By Cindy Rank
In the May 2020 issue of The Highlands Voice and again in June we talked a lot about chickens coming home to roost, how the bonding program in West Virginia has been inadequate from the get-go when it was first approved in the early 1980s and how it has only gone from bad to worse over the years with WV Department of Environmental Protection (WVDEP) merely tweaking it in response to public pressure and, more often than not, lawsuits.
Well, there’s no question that those chickens are quickly flocking to the doors of regulatory agencies all across states where coal mining has been the bread and butter of economies large and small.
Here in WV, as recently as March, WVDEP filed an emergency motion in Kanawha Circuit Court to force the coal company ERP Environmental Fund into receivership. WVDEP documents submitted to support that action clearly indicated that the agency fears the ERP fiasco will lead to the ruination of the bond fund/pool despite a rosier picture painted by a December, 2019 Special Reclamation Advisory Council report.
The Federal Surface Mine Control and Reclamation Act (SMCRA) requires states to “promptly notify the Office of Surface Mining (OSMRE) of any significant events or proposed changes which affect the implementation, administration or enforcement of the approved State program. At a minimum, notification shall be required for…(6) Significant changes in funding or budgeting relative to the approved program.”
West Virginia never notified OSMRE of its dire assessment of the Bond fund upon the failure of ERP. In fact, the agency’s response to a Notice of Intent to sue (NOI) for its failure to notify OSMRE, it denied that solvency was an issue.
West Virginia Highlands Conservancy (WVHC) Ohio Valley Environmental Coalition and Sierra Club sent the Notice of Intent on May 8th and have followed up with an official Complaint on July 9, 2020 when neither the state or federal agency had diligently pursued actions to address the violations alleged in the notice letter.
Citing not only the recent ERP situation but also several other threatened insolvencies including Murray Energy, Revelation Energy, and Southeastern Land – companies that hold dozens of permits and whose bonds are woefully inadequate to cover the cost of land reclamation and water treatment, our Complaint asserts the current bonding program is in deep doo-doo.
Even the Special Receiver appointed via WVDEP’s state court action indicated ERP funds are not sufficient for reclamation needed at their mine sites.
Unfortunately, as ERP abandoned its responsibilities, operation also ceased at several of the company’s selenium treatment systems that were installed as a result of court orders we had won in previous lawsuits.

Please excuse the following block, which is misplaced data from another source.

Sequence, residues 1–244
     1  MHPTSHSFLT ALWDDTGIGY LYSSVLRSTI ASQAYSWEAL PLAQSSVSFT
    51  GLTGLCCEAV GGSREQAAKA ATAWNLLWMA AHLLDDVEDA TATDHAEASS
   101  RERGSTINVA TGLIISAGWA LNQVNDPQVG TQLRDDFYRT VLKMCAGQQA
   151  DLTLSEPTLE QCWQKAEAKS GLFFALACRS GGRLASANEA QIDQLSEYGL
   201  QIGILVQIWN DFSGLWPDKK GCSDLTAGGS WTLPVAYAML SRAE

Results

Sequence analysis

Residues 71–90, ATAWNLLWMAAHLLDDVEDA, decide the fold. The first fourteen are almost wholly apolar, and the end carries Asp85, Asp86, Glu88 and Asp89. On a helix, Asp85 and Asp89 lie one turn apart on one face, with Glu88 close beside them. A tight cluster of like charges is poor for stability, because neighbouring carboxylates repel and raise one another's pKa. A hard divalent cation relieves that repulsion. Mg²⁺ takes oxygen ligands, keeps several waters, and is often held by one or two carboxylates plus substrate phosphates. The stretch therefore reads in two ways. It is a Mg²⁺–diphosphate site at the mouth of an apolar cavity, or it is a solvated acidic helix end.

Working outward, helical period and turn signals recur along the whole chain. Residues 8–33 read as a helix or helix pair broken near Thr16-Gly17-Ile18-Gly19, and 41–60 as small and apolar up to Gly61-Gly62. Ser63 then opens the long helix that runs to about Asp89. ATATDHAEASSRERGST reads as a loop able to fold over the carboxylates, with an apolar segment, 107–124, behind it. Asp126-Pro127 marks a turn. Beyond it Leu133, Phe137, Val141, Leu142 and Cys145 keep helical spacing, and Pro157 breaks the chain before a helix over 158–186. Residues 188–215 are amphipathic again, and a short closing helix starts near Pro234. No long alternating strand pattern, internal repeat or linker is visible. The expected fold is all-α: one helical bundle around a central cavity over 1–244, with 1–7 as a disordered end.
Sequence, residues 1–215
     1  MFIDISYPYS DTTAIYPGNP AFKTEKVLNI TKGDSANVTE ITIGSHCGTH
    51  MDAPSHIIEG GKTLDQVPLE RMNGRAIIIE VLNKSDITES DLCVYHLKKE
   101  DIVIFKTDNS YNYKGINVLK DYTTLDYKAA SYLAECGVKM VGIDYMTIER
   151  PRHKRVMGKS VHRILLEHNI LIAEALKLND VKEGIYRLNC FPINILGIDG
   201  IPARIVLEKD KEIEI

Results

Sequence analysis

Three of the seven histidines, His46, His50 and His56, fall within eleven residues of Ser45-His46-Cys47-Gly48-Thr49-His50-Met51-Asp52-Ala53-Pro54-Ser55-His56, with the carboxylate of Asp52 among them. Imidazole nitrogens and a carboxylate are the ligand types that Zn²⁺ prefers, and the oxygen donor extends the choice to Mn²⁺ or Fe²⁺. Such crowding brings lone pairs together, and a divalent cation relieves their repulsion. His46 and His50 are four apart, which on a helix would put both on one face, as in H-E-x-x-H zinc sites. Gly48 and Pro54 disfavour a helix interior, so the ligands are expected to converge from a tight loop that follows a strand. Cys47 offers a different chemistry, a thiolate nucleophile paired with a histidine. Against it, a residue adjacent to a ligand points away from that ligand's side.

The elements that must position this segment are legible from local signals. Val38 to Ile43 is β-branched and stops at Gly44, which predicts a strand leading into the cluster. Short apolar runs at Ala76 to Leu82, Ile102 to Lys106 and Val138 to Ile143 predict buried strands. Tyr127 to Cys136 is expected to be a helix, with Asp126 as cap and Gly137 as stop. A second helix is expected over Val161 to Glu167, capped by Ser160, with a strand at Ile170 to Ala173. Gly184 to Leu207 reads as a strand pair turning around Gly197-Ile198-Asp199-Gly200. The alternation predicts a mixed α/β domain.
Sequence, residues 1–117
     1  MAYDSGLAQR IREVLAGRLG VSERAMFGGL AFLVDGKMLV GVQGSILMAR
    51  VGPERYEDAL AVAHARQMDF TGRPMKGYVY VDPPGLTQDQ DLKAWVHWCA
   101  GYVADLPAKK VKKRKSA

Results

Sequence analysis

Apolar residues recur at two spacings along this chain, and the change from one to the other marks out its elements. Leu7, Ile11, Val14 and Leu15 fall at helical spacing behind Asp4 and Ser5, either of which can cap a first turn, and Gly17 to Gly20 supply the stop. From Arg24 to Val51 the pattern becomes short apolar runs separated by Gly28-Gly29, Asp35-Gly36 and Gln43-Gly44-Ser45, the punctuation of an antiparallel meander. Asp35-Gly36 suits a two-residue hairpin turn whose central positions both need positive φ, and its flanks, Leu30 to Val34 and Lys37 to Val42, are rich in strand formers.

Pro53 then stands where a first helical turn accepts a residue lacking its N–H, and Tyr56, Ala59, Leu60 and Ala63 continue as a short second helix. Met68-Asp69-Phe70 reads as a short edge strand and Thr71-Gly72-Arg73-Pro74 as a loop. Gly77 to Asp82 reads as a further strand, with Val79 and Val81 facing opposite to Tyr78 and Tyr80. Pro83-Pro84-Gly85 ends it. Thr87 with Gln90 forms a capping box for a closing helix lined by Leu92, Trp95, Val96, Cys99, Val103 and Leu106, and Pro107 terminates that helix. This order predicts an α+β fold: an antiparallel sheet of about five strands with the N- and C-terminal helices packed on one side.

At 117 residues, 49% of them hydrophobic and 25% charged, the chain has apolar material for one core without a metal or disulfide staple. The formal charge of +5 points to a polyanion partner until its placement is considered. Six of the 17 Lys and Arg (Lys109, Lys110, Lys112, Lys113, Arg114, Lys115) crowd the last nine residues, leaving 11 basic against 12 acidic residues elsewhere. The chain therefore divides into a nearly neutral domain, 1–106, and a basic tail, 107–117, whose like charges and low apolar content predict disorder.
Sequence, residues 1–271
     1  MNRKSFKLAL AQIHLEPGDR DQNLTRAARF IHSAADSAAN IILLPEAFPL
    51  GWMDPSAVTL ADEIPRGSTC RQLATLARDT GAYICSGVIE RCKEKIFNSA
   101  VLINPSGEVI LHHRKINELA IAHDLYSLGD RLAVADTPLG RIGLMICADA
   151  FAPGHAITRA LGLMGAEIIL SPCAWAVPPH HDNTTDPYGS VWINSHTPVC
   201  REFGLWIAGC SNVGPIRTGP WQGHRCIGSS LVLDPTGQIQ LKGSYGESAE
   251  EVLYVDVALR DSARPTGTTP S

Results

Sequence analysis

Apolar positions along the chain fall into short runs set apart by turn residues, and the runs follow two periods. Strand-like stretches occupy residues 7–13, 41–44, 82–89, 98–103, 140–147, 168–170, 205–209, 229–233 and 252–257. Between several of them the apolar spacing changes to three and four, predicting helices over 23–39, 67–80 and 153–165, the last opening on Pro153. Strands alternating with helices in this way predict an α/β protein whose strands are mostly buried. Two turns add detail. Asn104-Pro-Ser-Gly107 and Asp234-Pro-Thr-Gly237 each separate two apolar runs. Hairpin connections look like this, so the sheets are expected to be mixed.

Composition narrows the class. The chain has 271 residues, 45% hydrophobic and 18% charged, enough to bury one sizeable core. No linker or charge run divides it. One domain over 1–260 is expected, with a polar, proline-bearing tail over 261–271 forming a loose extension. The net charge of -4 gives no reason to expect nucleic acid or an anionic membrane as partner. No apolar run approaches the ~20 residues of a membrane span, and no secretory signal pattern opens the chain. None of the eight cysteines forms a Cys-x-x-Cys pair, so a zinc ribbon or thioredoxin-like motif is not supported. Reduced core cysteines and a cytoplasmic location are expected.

Of course, no one should have the impression that West Virginia is alone in this morass of inadequate bonding programs. There are at least six nearby states that have adopted a pooling system as part of their coal mine bonding programs. And all of these states are experiencing problems similar to that of West Virginia.
An interesting article in the July 24, 2020 issue of the Virginia Mercury describes some of the difficulties that state acknowledged years ago. (https://www.virginiamercury.com/2020/07/24/coal-is-in-crisis-can-virginias-pool-bond-system-handle-the-collapse/)
“The program has sufficient resources to withstand the forfeiture of one or two smaller permits,” wrote actuaries in a 2012 report commissioned by Virginia’s Department of Mines, Minerals and Energy. “The more significant risk to the Fund is from the exposure to companies with multiple permits and possibly from larger parent companies should they forfeit multiple permits simultaneously.”
Favored by the mining industry, the bond pool system allows a company to put up a smaller bond that would partially cover reclamation costs as long as it also paid into a pool of funds that the state could draw from in the event that a mine failed.
“When SMCRA was passed, the system made sense” said Joe Pizarchik, who between 2009 and 2017 served as the longest-running director of the U.S. Office of Surface Mining and Reclamation “we didn’t have the consolidation and the huge monolithic companies that we have now.” In the Appalachian basin, which has long been home to a patchwork of mines — unlike the larger but less numerous operations found in the West — the bond pool seemed to offer a solution that put less pressure on business while spreading risk out.
Still, said Pizarchik, the longer state governments and regulators delay in grappling with the problem, “the more severe and dangerous it becomes.”
“Eventually these bond pools are going to fail,” he said. “And when they fail, the state and federal government will probably be sued, and … then the state will have to come up with the money to complete reclamation.”